specifies a principal axis rotation. If ROTATE=PRINCIPAL is used with a factor rather than a component model, the following rotation is performed:
where the columns of matrix contain the eigenvectors of .
Valid names for oblique rotations are as follows:
specifies the oblique Crawford-Ferguson rotation (Crawford and Ferguson 1970) with the weights p1 and p2 for variable parsimony and factor parsimony, respectively. For the definitions of these weights, see the section Simplicity Functions for Rotations in Chapter 33, The FACTOR Procedure.
specifies the oblique generalized Crawford-Ferguson rotation (Jennrich 1973) with the four weights p1, p2, p3, and p4. For the definitions of these weights, see the section Simplicity Functions for Rotations in Chapter 33, The FACTOR Procedure.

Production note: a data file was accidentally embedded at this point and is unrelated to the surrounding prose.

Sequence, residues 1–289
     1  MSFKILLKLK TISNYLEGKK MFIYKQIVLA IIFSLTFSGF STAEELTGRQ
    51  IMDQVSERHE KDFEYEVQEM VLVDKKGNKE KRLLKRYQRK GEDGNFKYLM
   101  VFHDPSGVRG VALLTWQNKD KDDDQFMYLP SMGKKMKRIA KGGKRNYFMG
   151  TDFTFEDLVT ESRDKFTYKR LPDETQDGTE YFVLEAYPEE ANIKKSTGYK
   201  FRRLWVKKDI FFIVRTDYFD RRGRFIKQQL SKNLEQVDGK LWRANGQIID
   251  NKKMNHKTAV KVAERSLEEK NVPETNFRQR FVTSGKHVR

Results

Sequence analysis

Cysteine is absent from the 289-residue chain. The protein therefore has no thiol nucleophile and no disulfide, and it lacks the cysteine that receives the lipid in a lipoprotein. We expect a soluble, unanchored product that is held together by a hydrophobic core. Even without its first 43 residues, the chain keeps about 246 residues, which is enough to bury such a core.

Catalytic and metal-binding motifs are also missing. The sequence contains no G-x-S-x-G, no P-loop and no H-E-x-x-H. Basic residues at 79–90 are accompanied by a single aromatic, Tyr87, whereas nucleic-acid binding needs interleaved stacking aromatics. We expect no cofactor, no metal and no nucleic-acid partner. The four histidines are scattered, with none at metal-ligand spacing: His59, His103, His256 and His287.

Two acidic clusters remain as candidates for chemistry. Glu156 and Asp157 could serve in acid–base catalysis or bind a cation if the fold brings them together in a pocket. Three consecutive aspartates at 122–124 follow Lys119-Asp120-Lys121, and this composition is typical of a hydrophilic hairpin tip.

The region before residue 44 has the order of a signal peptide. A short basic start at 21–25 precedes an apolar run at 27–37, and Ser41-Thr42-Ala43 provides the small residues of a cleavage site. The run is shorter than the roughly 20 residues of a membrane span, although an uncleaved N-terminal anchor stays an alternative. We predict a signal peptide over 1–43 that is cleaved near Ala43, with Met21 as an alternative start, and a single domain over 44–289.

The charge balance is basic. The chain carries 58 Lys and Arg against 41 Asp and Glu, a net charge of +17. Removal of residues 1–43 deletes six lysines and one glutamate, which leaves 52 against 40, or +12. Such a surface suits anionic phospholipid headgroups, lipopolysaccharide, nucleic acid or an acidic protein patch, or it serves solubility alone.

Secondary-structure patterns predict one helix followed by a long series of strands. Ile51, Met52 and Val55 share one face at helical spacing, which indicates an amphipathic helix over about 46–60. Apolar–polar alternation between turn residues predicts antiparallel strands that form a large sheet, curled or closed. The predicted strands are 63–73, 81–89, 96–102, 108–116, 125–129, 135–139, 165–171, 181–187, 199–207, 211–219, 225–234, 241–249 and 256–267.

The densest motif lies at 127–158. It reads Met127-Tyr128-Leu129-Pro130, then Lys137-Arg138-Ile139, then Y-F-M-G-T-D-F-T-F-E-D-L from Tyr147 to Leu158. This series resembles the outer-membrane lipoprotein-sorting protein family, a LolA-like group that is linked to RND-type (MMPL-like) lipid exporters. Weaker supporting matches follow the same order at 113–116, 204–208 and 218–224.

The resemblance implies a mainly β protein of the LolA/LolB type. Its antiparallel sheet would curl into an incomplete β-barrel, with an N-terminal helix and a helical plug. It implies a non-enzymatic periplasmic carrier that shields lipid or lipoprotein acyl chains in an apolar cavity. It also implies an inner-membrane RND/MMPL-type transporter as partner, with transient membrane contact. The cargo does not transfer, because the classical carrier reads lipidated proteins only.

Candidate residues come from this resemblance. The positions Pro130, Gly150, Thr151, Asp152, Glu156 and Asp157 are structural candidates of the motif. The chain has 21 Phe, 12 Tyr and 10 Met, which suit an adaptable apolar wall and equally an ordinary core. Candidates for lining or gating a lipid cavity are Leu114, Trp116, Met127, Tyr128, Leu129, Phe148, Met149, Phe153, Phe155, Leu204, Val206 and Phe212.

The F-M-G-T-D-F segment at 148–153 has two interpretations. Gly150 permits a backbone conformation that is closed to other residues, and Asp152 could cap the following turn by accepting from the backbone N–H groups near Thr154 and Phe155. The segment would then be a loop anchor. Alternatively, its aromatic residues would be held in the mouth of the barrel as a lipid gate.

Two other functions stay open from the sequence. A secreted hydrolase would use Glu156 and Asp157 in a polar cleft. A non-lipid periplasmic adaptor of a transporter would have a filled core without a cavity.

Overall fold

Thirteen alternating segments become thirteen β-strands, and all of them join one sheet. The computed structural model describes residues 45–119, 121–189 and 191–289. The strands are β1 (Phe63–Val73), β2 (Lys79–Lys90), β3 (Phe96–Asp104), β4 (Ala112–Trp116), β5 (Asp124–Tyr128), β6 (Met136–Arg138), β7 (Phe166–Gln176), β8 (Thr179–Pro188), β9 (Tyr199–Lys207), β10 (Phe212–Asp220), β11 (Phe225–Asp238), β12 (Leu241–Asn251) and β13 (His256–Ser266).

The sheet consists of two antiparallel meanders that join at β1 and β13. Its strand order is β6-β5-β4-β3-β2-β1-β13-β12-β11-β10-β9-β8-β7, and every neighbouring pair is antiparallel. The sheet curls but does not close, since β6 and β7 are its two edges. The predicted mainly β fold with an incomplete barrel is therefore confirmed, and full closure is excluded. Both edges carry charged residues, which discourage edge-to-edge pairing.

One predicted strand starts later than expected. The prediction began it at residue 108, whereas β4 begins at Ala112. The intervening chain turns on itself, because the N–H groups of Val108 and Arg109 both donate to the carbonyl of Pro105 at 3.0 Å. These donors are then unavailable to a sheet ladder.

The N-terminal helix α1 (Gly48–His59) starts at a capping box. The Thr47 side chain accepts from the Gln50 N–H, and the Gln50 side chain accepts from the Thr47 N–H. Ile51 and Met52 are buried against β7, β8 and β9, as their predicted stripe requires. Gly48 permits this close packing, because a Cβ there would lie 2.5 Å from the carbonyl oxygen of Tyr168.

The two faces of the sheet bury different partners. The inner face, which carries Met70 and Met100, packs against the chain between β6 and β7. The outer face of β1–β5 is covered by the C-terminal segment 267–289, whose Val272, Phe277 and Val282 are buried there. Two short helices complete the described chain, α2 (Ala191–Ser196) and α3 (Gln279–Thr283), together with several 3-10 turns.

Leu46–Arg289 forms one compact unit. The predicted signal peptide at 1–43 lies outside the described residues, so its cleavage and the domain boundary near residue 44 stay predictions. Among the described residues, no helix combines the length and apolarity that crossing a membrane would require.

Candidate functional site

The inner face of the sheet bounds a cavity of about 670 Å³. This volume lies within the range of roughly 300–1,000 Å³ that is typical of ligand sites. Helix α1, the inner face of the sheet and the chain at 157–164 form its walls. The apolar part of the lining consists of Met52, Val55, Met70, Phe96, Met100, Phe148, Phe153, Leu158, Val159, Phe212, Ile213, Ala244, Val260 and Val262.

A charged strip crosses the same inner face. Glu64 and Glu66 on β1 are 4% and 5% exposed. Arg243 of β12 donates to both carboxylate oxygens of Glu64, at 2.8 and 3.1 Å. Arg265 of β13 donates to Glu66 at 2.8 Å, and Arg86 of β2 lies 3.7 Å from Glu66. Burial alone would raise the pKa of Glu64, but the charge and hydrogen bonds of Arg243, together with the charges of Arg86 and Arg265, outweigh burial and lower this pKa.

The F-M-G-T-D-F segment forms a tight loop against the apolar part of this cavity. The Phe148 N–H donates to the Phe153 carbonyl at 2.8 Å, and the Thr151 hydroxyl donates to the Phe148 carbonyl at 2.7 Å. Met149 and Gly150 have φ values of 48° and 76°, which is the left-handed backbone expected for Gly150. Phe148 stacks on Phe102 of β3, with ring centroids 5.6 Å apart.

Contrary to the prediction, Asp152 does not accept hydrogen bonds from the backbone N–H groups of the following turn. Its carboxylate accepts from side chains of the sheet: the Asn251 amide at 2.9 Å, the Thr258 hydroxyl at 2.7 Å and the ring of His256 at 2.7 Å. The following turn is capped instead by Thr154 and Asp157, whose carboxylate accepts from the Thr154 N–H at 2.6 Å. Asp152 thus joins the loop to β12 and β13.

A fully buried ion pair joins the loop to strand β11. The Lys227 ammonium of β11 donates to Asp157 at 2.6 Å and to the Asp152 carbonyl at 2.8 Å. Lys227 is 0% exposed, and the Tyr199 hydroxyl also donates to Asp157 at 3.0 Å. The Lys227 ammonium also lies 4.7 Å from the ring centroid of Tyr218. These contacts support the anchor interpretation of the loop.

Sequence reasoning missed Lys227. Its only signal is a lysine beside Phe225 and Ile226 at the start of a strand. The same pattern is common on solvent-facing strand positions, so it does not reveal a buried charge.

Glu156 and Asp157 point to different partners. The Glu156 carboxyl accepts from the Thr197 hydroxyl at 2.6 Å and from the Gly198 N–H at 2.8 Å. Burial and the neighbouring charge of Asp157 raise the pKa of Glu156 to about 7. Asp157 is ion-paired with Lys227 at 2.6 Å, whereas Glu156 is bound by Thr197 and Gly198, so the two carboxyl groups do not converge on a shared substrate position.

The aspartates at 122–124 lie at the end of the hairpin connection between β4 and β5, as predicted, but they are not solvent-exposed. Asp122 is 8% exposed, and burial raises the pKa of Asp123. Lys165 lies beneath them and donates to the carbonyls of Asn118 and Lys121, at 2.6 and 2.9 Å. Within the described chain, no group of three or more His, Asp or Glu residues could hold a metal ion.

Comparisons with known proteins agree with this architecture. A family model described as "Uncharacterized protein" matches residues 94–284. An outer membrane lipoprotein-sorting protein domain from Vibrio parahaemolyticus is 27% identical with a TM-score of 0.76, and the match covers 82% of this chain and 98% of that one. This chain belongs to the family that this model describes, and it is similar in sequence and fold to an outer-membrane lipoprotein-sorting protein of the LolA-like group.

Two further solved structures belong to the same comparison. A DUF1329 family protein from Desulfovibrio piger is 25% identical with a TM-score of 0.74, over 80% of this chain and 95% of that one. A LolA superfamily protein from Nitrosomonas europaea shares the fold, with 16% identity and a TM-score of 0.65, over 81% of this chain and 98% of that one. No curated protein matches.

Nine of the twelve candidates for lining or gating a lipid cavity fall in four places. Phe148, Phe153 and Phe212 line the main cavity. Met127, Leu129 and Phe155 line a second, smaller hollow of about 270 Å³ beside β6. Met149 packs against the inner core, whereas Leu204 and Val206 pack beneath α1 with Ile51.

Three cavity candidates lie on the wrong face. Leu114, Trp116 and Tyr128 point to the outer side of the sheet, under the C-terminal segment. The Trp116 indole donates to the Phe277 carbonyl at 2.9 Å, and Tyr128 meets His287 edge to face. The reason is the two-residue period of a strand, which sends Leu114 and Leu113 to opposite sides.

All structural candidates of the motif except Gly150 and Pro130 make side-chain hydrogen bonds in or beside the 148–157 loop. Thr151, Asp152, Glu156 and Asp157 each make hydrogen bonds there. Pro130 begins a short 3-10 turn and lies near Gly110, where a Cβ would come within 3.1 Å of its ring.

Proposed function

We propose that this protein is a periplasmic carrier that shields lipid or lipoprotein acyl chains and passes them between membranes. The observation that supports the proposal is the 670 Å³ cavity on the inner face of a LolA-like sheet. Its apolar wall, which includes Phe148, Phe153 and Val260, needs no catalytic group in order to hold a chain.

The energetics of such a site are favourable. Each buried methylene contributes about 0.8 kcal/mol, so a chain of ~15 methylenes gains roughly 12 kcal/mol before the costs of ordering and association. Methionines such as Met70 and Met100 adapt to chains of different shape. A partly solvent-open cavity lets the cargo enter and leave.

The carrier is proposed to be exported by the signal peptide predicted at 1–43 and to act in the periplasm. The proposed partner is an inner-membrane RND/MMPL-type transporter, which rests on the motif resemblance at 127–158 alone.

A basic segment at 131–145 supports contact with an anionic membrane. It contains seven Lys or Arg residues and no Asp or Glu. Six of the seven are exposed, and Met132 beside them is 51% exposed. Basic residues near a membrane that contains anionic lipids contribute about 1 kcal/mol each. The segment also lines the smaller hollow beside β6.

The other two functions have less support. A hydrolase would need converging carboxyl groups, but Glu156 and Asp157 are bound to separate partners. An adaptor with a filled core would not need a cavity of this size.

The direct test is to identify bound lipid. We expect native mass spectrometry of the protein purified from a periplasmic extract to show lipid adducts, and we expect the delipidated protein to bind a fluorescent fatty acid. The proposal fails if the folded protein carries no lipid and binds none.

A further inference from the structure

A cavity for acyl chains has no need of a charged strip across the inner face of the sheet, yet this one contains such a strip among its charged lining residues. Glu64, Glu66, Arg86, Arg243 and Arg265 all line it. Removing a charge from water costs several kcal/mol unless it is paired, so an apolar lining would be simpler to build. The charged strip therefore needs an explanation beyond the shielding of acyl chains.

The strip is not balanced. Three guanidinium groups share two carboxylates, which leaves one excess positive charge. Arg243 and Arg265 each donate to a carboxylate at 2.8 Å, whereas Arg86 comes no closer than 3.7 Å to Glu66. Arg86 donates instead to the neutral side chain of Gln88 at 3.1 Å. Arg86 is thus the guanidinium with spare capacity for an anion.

specifies the oblimin rotation with oblimin weight p1. If ROTATE=OBLIMIN is used, the default p1 value is zero unless specified otherwise in the TAU= option. Alternatively, ROTATE=OBLIMIN(p1) specifies p1 as the oblimin weight or the TAU= value. For the definitions of the oblimin weight, see the section Simplicity Functions for Rotations in Chapter 33, The FACTOR Procedure.
specifies the oblimin weight used with the option ROTATE=OBLIMIN. Alternatively, you can use ROTATE=OBLIMIN(p) with p representing the oblimin weight. There is no restriction on valid values for the oblimin weight, although for practical purposes a negative or zero value is recommended. The default TAU= value is 0, resulting in the quartimin rotation.
If you specify at least one factor-variable-relation, a confirmatory factor analysis is assumed. Whenever applicable, you can use the PVAR, COV, and MEAN statements to specify the variance, partial variance, covariance, and mean parameters. The model structures for the covariance matrix of the confirmatory factor model are described in the following equation: